Marcus Bontempelli and Jack Macrae starred as the Western Bulldogs beat Melbourne by 20 points at the MCG to take top spot on the AFL ladder.
It is not surprising when you look at the number of games that the leading game player at the two fledgling clubs – Gold Coast and Greater Western Sydney – have played and discover that it is less than 200.
After all, both clubs only bought up their 200th AFL game in 2020. However it is surprising that one other club also does not have a 200-game player on their current list.
Western Bulldogs’ most experienced player in 2021 will be Easton Wood who has played 173 games – more than Greater Western Sydney’s Callan Ward, but fewer than Gold Coast’s Jarrod Harbrow.
At the Western Bulldogs it places him in 40th place, equal with the legendary Charlie Sutton, captain-coach of the Bulldogs first premiership in 1954 and winner of the Best and Fairest in 1950 (now named the Charles Sutton Medal).
He also won the club goal-kicking in 1951, the year he became coach. He coached the club until midseason 1957 when he was replaced by Ted Whitten, but returned in 1967 to replace Whitten.
Position 40 is by far the lowest position occupied by the most senior player at any club, and most have a player in the Top 10 all time game players at the club (10 clubs) or at least Top 20 (another five clubs).
This lack of a highly experienced leader is offset to some extent by the plethora of six players in positions 51 to 72, meaning the Bulldogs can match it with most long established clubs with a total of seven Top 100 game players on their current list.
The really pleasing aspect for the Western Bulldogs is that three of the seven are players whose fathers are existing members of the Bulldogs’ all time Top 100 game players list.
Tom Libratore, the ninth greatest game player at the Bulldogs, has the unique record of having won the three major awards for the best player in the under eighteens, reserves (twice) and seniors (Brownlow Medal) in a career that spanned 283 games between 1986 and 2002.
Tony Libratore is still the 62nd greatest goal scorer in the Bulldogs history, the same rank that son Tom holds on the greatest game player’s list.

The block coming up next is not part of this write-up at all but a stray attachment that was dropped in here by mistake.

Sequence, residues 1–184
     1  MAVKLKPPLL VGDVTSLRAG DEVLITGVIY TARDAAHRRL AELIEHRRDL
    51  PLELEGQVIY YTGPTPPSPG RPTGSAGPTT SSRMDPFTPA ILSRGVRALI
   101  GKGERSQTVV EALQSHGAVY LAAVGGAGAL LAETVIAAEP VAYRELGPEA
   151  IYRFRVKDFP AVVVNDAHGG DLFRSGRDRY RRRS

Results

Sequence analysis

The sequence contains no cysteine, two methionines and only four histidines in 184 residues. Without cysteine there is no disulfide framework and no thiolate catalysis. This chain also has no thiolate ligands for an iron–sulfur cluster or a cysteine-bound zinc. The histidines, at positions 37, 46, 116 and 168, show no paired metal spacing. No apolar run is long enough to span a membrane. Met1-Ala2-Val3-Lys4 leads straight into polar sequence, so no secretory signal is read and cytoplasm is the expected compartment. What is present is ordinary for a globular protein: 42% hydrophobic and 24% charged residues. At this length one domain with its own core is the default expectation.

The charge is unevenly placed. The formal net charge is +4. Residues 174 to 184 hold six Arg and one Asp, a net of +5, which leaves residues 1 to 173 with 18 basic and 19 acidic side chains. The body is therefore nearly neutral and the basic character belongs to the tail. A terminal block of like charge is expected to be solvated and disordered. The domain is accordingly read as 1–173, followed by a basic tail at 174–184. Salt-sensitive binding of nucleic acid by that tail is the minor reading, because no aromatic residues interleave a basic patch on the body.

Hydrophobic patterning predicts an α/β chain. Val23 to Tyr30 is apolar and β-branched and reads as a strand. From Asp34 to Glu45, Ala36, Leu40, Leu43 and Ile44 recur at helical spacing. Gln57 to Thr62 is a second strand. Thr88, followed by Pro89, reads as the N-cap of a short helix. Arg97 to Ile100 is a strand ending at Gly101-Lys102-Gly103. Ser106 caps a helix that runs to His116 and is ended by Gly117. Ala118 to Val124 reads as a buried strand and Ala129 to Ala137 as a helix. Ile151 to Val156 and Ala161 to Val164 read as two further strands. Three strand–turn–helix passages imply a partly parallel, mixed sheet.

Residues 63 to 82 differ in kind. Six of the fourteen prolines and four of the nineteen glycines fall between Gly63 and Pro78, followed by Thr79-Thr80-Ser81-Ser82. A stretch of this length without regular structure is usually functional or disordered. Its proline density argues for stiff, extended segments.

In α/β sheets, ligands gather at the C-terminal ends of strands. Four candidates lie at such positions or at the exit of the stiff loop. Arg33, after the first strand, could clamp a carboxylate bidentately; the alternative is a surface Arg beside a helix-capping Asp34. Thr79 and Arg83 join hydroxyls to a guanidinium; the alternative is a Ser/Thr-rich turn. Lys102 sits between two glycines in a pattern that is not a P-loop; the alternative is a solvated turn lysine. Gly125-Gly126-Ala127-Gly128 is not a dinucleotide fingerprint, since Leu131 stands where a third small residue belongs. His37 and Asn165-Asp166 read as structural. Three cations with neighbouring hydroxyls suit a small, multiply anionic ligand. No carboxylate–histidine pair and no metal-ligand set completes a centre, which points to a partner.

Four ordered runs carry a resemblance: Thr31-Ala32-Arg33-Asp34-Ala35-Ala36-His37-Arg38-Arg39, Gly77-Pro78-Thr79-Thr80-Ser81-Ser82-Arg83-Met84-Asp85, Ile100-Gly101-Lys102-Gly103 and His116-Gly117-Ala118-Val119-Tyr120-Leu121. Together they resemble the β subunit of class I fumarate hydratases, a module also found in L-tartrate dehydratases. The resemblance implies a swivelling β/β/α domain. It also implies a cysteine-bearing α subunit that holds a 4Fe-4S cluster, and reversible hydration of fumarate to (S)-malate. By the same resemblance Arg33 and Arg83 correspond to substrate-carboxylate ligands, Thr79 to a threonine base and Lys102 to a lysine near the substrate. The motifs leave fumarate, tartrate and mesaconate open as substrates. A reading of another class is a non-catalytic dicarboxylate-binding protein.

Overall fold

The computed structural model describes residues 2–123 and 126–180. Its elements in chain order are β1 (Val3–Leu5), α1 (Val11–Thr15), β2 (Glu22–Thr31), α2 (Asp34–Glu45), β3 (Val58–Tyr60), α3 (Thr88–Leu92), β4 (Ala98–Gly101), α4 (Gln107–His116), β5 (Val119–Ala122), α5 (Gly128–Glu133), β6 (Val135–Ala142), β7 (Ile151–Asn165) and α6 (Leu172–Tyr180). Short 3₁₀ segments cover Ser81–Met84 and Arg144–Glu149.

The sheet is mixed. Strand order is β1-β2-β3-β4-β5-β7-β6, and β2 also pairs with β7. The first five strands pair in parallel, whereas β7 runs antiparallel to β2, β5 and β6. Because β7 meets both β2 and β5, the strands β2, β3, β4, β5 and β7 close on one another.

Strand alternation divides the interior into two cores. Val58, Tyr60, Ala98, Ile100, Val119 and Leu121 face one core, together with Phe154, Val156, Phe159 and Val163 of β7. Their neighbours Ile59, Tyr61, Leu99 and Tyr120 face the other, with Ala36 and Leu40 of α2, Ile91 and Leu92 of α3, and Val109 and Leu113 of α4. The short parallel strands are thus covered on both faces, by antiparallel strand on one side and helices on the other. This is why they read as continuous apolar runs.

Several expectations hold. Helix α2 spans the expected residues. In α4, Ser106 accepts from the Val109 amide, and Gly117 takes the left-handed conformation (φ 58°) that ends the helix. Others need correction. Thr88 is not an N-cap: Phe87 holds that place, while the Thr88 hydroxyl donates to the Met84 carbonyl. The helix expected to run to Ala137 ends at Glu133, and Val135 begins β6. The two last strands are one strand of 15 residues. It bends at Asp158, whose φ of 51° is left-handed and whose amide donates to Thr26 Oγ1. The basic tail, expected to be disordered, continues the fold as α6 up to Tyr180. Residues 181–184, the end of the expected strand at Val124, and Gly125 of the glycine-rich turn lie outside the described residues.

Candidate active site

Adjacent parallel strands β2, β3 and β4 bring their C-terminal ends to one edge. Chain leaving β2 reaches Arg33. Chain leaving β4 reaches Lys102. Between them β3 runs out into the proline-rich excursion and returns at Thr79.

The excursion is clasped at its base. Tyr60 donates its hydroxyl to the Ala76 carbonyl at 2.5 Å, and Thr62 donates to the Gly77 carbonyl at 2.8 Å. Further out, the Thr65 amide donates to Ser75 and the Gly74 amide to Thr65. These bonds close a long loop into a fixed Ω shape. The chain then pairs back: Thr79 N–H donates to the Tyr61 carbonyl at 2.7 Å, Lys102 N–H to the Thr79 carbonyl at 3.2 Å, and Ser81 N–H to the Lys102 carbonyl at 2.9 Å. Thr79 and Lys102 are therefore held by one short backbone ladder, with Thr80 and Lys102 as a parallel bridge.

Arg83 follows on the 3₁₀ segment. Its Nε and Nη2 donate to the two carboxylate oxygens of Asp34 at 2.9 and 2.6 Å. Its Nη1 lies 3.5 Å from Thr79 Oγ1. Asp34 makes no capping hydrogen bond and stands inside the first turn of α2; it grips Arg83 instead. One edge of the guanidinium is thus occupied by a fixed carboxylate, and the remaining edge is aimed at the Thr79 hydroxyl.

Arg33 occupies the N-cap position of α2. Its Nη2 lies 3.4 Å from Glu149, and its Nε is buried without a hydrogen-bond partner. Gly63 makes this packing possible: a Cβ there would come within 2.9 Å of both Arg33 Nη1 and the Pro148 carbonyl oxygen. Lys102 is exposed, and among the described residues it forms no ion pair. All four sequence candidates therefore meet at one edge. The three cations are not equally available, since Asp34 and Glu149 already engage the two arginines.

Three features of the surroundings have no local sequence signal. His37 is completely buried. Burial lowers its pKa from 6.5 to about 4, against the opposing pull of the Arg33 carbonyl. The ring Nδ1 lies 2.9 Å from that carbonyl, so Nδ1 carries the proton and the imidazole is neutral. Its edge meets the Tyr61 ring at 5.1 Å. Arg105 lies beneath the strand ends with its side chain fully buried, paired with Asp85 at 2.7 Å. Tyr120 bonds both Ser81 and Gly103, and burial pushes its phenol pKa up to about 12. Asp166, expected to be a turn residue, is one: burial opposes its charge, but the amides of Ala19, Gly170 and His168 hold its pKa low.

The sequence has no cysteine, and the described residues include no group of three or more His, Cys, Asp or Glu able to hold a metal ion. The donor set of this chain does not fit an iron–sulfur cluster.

Stephen Wallis – father of Mitch – came to the club from Leongatha in 1983 and proved to be a fine team man who captained the club in 1989 and in all played 261 games for the club – 110 games more than Mitch has accumulated so far, but if he maintains form and fitness into his early 30s Mitch should be able to challenge his dad’s total.
Lachie Hunter, part of the third father-son Top 100 combination involving a current player has already surpassed his father’s total number of games.
Mark Hunter – recruited from the Melton Bloods – played in 130 games between 1988 and 1996 and currently sits in 84th place on the Bulldogs Top 100 all time game players list.
The Bulldogs can claim another two players whose dads played for the club: Rhylee West and Zaine Cordy, but both are a long way from making Top 100 yet.
The tight bunching of current day players on the Top 100 games played list means that a number of traditional milestones – all 150 games – hopefully will be achieved in season 2021: Tom Libratore needs only two games, Marcus Bontempelli requires five games, Jason Johannisen requires seven games and Lachie Hunter will take at least until Round 12 to reach the 150 game total.
In addition, the smallest player in the league, Caleb Daniel will be hoping to become the eighth current Bulldog to make the list.
Although 2cm shorter than Giant Brent Daniels, Caleb is 5 cm taller than Tony Libratore who also held the mantel in his playing days.
Goal kicking wise, the retirement of Tory Dickson means the Bulldogs have no one in the Top 40 goal scorers of all time, and only two on the 100 elite list.